And in a story about Trump’s inability to close the deal with Republican senators, The New York Times’ Glenn Thrush and Jonathan Martin write that “a senator who supports the bill left [a] meeting at the White House with a sense that the president did not have a grasp of some basic elements of the Senate plan — and seemed especially confused when a moderate Republican complained that opponents of the bill would cast it as a massive tax break for the wealthy… Mr. Trump said he planned to tackle tax reform later, ignoring the repeal’s tax implications.”

You can judge a society by how well it treats its prisoners” –> On Tuesday, a federal judge ruled that “Alabama is putting prisoners’ lives at risk with ‘horrendously inadequate’ care and a lack of services for inmates with psychiatric problems.” Debbie Elliott reports for NPR that the ruling “outline[d] ‘serious systemic deficiencies’ in the delivery of mental health services. [The judge said] inmates are subject to serious harm and increased suicide risk in the way the state identifies, treats, houses, and disciplines mentally ill prisoners.”

And Manuel Villa reports for The Marshall Project that according to a recent study, “more than two-thirds of incarcerated women in America reported having a history of mental health problems — a far higher percentage than their male counterparts.” Nobody knows what accounts for the disparity, but researchers speculate that it may be related to incarcerated women’s high rates of past sexual abuse. And yet, despite those eye-opening numbers, “advocates for the incarcerated argue that for all people in prisons and jails — more than 2 million people nationwide — mental health services are lacking at best.”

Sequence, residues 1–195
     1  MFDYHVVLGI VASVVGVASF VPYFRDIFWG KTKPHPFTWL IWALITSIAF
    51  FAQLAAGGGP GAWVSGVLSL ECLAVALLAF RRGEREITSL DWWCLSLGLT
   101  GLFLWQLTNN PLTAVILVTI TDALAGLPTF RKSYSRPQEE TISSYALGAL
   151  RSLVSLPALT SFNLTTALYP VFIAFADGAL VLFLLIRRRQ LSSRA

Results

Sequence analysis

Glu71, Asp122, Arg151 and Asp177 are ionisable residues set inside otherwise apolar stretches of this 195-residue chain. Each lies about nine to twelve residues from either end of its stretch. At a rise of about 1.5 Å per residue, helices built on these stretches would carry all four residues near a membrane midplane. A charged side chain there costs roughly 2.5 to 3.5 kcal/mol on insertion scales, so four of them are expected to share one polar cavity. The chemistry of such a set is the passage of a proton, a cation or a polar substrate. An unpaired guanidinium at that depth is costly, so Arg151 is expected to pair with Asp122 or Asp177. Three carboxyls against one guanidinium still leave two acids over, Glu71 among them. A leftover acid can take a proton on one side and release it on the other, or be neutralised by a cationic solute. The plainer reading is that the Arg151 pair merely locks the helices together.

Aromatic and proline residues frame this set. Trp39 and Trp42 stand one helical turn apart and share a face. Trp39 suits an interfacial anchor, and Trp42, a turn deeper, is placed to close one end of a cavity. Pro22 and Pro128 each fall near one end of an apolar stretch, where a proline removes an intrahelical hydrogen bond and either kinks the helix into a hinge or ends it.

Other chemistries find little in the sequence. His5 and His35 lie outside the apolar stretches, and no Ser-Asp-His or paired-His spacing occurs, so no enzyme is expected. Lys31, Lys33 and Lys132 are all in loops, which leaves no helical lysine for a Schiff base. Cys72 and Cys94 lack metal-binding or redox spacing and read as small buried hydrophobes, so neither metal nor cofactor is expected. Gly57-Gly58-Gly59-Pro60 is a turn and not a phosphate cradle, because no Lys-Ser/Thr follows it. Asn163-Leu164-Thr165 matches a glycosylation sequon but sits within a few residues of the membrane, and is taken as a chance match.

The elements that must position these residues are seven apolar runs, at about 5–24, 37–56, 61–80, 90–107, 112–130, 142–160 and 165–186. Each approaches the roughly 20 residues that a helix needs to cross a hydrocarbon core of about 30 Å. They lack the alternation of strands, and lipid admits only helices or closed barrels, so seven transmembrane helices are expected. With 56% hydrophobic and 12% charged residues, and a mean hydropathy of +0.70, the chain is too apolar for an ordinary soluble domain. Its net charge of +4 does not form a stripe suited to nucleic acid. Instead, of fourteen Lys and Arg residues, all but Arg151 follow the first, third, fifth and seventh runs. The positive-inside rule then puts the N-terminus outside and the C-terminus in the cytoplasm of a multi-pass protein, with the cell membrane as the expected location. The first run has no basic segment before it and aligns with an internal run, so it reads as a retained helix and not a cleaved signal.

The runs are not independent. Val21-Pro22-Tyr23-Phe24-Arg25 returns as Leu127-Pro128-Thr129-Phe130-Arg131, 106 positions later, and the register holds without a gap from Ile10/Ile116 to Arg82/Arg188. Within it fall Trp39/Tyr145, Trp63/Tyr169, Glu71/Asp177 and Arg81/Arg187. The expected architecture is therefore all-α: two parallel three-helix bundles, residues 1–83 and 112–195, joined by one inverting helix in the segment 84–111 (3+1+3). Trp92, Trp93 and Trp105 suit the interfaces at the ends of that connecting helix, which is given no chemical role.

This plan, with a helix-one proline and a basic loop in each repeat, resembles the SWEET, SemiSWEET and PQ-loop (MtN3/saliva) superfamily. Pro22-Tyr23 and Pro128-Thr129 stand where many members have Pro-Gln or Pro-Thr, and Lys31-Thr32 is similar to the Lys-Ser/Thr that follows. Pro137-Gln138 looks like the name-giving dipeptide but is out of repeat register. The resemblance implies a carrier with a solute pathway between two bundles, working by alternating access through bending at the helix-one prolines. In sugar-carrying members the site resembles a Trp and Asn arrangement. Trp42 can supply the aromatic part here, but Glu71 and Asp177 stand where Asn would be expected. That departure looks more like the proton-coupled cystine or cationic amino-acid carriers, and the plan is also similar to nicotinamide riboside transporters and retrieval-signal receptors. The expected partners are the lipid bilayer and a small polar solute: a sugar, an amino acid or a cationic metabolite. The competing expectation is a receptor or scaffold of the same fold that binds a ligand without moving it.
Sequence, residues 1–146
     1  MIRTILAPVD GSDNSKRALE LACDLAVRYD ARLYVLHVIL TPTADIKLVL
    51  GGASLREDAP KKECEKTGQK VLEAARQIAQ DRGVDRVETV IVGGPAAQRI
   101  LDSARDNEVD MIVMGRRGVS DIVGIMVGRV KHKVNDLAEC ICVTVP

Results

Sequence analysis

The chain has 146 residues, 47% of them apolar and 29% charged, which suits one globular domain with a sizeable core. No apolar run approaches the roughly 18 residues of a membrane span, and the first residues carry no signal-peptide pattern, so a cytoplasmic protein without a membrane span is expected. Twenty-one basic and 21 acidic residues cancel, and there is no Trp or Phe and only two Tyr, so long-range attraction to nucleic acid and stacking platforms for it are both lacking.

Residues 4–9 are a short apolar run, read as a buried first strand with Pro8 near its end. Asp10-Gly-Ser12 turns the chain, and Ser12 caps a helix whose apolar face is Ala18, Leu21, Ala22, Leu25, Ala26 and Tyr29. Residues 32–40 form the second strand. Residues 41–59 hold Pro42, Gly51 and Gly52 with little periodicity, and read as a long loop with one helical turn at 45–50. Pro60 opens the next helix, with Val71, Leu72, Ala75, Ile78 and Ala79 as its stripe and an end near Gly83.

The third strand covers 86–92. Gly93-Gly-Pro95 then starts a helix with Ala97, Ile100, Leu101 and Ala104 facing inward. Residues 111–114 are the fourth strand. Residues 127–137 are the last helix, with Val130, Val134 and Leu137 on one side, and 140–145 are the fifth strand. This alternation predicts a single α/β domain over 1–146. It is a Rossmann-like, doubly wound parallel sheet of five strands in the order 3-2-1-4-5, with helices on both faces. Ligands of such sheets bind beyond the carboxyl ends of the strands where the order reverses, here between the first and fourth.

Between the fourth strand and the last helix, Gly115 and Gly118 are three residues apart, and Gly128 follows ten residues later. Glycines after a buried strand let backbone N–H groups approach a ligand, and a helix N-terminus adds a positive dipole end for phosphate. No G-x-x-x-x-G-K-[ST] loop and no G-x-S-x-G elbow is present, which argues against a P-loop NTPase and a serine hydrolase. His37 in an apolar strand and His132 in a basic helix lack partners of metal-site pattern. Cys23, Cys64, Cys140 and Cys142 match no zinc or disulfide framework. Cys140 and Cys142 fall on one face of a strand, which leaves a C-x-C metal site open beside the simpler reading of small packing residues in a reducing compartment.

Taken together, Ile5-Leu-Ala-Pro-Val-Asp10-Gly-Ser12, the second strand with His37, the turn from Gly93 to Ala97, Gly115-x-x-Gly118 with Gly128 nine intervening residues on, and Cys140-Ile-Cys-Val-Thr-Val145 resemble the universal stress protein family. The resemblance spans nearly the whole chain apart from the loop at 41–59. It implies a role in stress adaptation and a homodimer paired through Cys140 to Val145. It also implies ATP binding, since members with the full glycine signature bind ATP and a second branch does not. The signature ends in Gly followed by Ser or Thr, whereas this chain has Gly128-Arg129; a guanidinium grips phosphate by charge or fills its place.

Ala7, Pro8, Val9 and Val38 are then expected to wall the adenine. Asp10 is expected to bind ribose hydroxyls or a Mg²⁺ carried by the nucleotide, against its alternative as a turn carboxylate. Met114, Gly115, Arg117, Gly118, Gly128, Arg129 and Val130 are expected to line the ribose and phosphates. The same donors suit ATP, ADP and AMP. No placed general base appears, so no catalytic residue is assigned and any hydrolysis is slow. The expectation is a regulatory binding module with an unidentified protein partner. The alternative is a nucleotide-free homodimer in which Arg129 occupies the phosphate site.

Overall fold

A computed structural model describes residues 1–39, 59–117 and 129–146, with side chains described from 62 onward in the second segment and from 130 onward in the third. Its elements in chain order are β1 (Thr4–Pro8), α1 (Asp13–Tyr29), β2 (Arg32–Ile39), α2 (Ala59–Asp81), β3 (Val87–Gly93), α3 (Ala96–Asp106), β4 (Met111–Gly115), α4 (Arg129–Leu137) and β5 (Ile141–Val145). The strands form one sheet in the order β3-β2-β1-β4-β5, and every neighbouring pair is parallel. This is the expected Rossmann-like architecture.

Long hours, low pay and abuse” –> That’s what workers at the Ganzhou Huajian International Shoe City Co., which makes Ivanka Trump’s line of shoes, experience, according to an exposé by Erika Kinetz at the Associated Press. Kinetz writes: “Li Qiang, founder of China Labor Watch, describes Huajian’s Ganzhou factory as among the worst he has seen in nearly two decades investigating labor abuses.”